Grammar guru: change jobs/ change the job?

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Thanks to Markus’ very kind recommendation on Der Englisch Blog, last week’s Grammar guru question went off like a rocket: What’s the best alternative to “You don’t really need to register for the event”?

  • “You don’t necessarily have to register for the event.” (86%, 36 Votes)
  • “You mustn’t register for the event.” (14%, 6 Votes)

Thanks to everyone who voted or joined the discussion. Mustn’t forbids doing something, don’t have to + needn’t allow you NOT to do something.

This week the question is, which one is better:

  • Why did you change jobs?
  • Why did you change the job?

Comments

3 Responses

  1. “Change jobs” and “change the job” are currently both at 50%.
    So here’s a tip:
    Only one means to stop working for one company or department and start working for another (=den Job wechseln). The other could perhaps mean to change the job description of one and the same job.
    Back to you!

  2. Sometimes grammar issues are really idiomatic (=Redewendungen) and more “lexical” (word-related) than “logical”. So for this kind of question, I recommend using the Macmillan widget. This is what you find there for “change”:

    1. to become different, or to make someone or something different
    2. to stop doing one thing and start doing something different: Dave said he might be changing jobs.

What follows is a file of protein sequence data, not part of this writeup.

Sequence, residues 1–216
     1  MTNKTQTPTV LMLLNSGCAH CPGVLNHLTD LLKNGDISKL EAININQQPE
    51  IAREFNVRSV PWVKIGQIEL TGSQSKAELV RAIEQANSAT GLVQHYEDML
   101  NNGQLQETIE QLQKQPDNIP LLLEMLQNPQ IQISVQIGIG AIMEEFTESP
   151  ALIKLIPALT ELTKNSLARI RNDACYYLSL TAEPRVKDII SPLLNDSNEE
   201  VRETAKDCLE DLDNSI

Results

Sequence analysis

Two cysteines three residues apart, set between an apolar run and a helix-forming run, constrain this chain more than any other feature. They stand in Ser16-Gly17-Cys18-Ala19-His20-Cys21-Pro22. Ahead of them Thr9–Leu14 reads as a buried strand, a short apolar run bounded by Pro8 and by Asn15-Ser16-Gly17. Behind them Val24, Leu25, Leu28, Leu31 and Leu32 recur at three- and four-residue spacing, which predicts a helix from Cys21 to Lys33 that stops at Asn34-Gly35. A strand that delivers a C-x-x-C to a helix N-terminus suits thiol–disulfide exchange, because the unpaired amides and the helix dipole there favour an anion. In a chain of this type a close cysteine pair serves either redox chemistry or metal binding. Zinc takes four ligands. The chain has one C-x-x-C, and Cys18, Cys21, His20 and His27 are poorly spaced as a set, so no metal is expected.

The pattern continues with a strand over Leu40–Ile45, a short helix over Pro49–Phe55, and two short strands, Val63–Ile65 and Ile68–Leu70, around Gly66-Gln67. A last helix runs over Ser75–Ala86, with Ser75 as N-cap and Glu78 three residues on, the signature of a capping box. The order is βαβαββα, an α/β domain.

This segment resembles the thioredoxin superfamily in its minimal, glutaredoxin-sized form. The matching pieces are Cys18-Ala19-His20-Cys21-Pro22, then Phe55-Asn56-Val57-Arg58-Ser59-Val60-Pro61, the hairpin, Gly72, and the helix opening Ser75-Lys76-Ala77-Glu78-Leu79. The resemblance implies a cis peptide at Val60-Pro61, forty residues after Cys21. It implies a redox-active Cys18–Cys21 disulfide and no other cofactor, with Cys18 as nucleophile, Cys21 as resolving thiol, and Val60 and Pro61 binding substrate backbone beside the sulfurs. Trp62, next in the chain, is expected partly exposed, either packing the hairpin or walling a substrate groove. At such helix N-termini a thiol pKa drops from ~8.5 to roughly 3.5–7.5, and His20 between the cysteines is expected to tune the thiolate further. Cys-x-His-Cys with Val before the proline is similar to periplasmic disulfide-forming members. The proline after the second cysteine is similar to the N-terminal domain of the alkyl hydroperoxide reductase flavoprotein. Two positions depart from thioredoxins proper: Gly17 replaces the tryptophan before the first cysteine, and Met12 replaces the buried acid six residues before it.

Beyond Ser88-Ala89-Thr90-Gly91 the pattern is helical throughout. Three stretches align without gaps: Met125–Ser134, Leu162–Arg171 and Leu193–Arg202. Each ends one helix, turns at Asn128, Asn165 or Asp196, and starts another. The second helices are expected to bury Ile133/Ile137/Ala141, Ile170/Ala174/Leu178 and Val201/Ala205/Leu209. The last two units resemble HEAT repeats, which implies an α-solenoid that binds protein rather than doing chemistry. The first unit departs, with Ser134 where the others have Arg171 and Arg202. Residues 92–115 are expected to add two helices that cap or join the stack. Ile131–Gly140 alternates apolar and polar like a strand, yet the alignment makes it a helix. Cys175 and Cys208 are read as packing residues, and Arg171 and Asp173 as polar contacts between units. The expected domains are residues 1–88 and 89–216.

3. change (something) to something:
    I changed the order to once a year instead of quarterly.
    Consumers are increasingly changing to low-fat milk.
    4. to replace something with a new or different thing
    I’m sick of these curtains – let’s change them.
    5. If you change a bed or change the sheets, you put clean sheets, covers etc on the bed

    Also see this Google search for “Why did you change jobs?”

  3. OMG, the votes are still split almost down the middle!
    There are many Englishes around the world, so there may be people who say “Why did you change the job?” someplace.
    Ansonsten: Es heißt wirklich (echt!) “Why did you change jobs?”, und scheint ein wirklicher (echter!) Fall für einen Grammar guru zu sein.
    Vielen Dank fürs Mitmachen 🙂

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